Infrastructure Bill — Motion to Decline Second Reading — 8 Dec 2014 at 21:41

John Baron MP, Basildon and Billericay did not vote.

The majority of MPs voted in favour of the Infrastructure Bill[1][2] which contains a wide range of provisions.

The Bill provides for:

  • The appointment of "strategic highways companies" to manage strategic roads in England in place of the Highways Agency.
  • To give members of the British Transport Police the same powers as constables of the police force for the area they are in with respect to to damage to property (prior to the Bill they only had such powers where required to save life or to prevent or minimise personal injury).
  • To allow British Transport Police powers to exercise the powers of a constable of the relevant local force even if they are not in uniform and not carrying evidence they are British Transport Police constables.
  • To enable the Chief Constable of the British Transport Police to require information as to identity of driver of a vehicle be provided in relation to specified road traffic offences.
  • Environmental control of animal and plant species through species control agreements and orders and giving powers of entry to officers.
  • Changes to the arrangements for the consideration of planning applications for nationally significant infrastructure projects by an "Examining authority"; including establishing the authority earlier and allowing the authority to be a panel of two people (one, three, four of five people were permitted at the time of the vote).
  • Introducing a "deemed discharge" of a planning condition where a local authority has failed to make a decision within a specified time period.
  • Allowing surplus publicly owned land to be transferred directly to the Homes and Communities Agency.
  • Transfer of responsibility for local land charges from individual local authorities in England and Wales to the Chief Land Registrar at the Land Registry.
  • Introducing powers for the Secretary of State or Welsh Ministers to make building regulations provisions in relation to off-site measures for abating carbon dioxide emissions taken by the developer or by a person on the developer’s behalf, or consisting of payment into a fund that invests in carbon abatement projects.
  • Introducing the "community electricity right"; a power on the Secretary of State to make regulations giving individuals and/or community groups the right to purchase a stake in a renewable electricity generation facility in their local area .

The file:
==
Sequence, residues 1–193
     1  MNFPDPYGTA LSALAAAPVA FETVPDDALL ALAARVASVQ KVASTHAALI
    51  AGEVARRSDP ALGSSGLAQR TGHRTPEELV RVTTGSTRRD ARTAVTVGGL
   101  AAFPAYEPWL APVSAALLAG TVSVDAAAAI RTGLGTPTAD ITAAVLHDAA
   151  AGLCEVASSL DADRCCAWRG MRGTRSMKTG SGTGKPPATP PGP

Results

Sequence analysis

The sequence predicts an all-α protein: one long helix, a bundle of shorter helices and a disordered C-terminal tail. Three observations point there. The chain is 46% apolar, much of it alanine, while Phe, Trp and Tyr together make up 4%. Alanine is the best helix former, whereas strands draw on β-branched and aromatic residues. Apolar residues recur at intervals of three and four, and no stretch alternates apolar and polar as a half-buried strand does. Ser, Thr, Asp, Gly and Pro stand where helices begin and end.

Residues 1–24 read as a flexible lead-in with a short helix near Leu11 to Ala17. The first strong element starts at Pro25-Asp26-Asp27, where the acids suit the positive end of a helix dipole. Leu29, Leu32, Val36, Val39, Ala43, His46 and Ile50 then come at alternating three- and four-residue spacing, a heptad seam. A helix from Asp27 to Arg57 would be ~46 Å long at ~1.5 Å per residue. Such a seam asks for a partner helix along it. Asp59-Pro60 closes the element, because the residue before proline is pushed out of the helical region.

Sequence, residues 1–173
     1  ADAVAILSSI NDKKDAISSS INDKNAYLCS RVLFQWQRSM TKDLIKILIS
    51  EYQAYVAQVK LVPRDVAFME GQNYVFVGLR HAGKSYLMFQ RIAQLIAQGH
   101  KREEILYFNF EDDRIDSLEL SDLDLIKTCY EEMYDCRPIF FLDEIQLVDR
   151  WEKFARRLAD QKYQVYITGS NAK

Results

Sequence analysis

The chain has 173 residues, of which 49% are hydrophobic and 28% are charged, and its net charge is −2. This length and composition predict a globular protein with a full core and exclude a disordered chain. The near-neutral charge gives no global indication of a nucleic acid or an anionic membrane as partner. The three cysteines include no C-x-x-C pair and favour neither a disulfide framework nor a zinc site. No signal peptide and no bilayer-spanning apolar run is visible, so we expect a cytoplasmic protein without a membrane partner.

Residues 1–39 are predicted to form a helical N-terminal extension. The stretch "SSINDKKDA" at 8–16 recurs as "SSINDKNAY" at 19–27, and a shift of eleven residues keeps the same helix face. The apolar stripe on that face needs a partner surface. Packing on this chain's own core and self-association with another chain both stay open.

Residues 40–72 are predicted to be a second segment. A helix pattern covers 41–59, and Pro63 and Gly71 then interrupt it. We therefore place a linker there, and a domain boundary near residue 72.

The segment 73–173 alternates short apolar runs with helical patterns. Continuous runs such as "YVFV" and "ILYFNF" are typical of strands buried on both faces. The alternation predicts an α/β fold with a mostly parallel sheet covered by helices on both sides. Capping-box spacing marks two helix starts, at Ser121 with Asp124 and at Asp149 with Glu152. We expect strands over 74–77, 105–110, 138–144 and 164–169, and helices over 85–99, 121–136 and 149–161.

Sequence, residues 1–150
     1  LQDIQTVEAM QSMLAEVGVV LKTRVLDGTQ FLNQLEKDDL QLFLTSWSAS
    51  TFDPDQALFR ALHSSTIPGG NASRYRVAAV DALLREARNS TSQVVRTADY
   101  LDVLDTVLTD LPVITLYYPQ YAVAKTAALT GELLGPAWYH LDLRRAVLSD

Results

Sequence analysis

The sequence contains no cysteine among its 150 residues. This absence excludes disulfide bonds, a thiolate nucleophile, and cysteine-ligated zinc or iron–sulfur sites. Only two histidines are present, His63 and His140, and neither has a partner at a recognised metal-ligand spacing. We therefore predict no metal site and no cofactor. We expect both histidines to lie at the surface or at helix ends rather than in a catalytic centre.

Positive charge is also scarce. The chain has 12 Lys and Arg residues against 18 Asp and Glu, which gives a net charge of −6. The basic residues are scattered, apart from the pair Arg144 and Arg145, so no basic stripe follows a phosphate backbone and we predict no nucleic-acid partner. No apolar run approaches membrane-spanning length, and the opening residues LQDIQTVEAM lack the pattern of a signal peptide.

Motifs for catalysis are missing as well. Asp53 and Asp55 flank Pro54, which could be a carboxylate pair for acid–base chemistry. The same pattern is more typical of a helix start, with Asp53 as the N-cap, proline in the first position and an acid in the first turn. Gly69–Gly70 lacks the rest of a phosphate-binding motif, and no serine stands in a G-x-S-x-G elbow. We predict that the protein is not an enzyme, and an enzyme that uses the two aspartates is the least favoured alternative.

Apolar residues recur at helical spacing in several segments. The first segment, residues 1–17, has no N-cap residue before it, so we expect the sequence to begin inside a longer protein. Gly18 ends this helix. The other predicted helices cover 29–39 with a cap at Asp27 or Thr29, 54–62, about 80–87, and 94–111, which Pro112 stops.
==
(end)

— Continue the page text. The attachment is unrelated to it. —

• Measures intended to increase transparency of data in the extractive industries
  • Measures intended to maximise the economic recovery of UK offshore petroleum
  • To enable the extraction of petroleum and geothermal energy from land at a depth of at least 300 metres below the surface without the permission of the landowner.
  • To enable regulations to be made establishing schemes to facilitate and encourage renewable generation of heat.

The motion rejected by the majority of MPs in this vote was:

  • this House declines to give a second reading to the Infrastructure Bill :
  • because, whilst welcoming efforts to further enable necessary infrastructure projects and acknowledging that long-term strategic planning and investment for transport infrastructure is urgently needed, the Bill fails to establish an independent National Infrastructure Commission to set out an evidence-based analysis of future infrastructure priorities in sectors including transport, waste and energy, and to hold governments accountable for delivery,
  • because the Bill creates a new Strategic Highways Company, which could result in an increasingly two-tiered road system when there is no evidence that a new company is needed to deliver a road investment strategy,
  • because the Bill fails to address the deteriorating condition of the local road network due to the cuts in spending since 2010 on local road maintenance, because the Bill does not ensure that unconventional gas extraction could only happen in the context of robust safety and environmental standards, comprehensive monitoring and strict enforcement,
  • because the Bill fails to give communities new powers so that they can build the homes they need locally in the places they want, and because the Bill fails to include Garden City principles to underpin the next generation of New Towns, fails to strike the right balance between communities and developers in the discharge of planning conditions, and fails to properly plan ahead to ensure that building standards address CO2 emissions and climate change.

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Debate in Parliament | Source |

Party Summary

Votes by party, red entries are votes against the majority for that party.

What is Tell? '+1 tell' means that in addition one member of that party was a teller for that division lobby.

What are Boths? An MP can vote both aye and no in the same division. The boths page explains this.

What is Turnout? This is measured against the total membership of the party at the time of the vote.

PartyMajority (No)Minority (Aye)BothTurnout
Alliance0 10100.0%
Con252 (+1 tell) 0083.5%
DUP0 1012.5%
Green0 10100.0%
Independent0 1050.0%
Lab0 187 (+2 tell)073.3%
LDem41 (+1 tell) 0075.0%
PC0 2066.7%
SDLP0 1033.3%
SNP0 5083.3%
Total:293 199077.4%

Rebel Voters - sorted by party

MPs for which their vote in this division differed from the majority vote of their party. You can see all votes in this division, or every eligible MP who could have voted in this division

Sort by: Name | Constituency | Party | Vote

NameConstituencyPartyVote
no rebellions

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